Category: Immigration
Posted by: A Waco Farmer
Tocqueville and I disagree sharply on immigration. He has been collecting highlights from the discussion on the web against the "compromise" bill, as well as contributing an outstanding original piece to our discussion yesterday (read here).

Today's haul of op-ed pieces seems especially fertile and noteworthy. It strikes me that we are fast approaching the moment of truth. The fruit of Tocqueville's efforts:

1. Peggy Noonan: President Bush has torn the conservative coalition asunder.

"What conservatives and Republicans must recognize is that the White House has broken with them. What President Bush is doing, and has been doing for some time, is sundering a great political coalition. This is sad, and it holds implications not only for one political party but for the American future."

"This White House thinks its base is stupid and that its heart is in the wrong place."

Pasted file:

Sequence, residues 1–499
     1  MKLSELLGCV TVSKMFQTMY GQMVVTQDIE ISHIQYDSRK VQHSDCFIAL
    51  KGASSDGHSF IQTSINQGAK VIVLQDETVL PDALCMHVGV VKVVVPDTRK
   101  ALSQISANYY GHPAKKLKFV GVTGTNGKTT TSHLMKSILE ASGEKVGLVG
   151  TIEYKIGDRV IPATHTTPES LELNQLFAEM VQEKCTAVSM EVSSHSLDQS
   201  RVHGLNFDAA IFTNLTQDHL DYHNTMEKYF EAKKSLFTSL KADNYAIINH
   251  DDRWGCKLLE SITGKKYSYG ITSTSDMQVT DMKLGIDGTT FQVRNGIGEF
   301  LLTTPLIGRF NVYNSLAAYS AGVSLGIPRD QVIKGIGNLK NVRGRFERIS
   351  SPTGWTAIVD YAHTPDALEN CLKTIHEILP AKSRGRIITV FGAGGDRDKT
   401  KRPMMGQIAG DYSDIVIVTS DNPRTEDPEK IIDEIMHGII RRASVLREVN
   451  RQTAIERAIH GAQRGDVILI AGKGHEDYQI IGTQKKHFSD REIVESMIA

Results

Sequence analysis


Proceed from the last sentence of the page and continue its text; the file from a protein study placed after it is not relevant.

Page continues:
"The president has taken to suggesting that opponents of his immigration bill are unpatriotic--they 'don't want to do what's right for America.'"

"They are trying to lay down markers for history. Having lost the support of most of the country, they are looking to another horizon. The story they would like written in the future is this: Faced with the gathering forces of ethnocentric darkness, a hardy and heroic crew stood firm and held high a candle in the wind. It will make a good chapter. Would that it were true!" (read the column in its entirety here).

2. Charles Krauthammer: Get in Line, Einstein